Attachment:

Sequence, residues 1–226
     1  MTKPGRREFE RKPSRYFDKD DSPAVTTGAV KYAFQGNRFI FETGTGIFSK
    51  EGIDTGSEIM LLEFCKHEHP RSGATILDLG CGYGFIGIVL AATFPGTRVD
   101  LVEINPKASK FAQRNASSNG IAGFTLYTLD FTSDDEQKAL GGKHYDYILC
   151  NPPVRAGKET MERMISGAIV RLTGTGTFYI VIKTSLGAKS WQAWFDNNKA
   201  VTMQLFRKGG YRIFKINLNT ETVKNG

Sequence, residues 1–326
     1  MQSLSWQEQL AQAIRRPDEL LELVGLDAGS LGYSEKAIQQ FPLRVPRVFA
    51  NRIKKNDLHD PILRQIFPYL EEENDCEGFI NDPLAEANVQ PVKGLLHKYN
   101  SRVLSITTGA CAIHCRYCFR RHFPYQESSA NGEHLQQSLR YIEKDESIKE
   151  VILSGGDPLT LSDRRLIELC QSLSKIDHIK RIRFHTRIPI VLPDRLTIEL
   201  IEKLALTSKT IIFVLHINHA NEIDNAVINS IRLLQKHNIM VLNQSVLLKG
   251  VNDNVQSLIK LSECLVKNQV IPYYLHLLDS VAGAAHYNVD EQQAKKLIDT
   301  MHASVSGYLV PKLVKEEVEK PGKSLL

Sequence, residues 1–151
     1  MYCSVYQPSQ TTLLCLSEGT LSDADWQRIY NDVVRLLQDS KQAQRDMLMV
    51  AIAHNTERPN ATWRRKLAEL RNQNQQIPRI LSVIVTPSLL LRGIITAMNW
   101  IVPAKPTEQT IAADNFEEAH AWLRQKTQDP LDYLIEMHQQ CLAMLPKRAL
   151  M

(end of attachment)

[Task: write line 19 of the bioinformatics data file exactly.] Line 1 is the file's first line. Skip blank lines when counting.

   151  M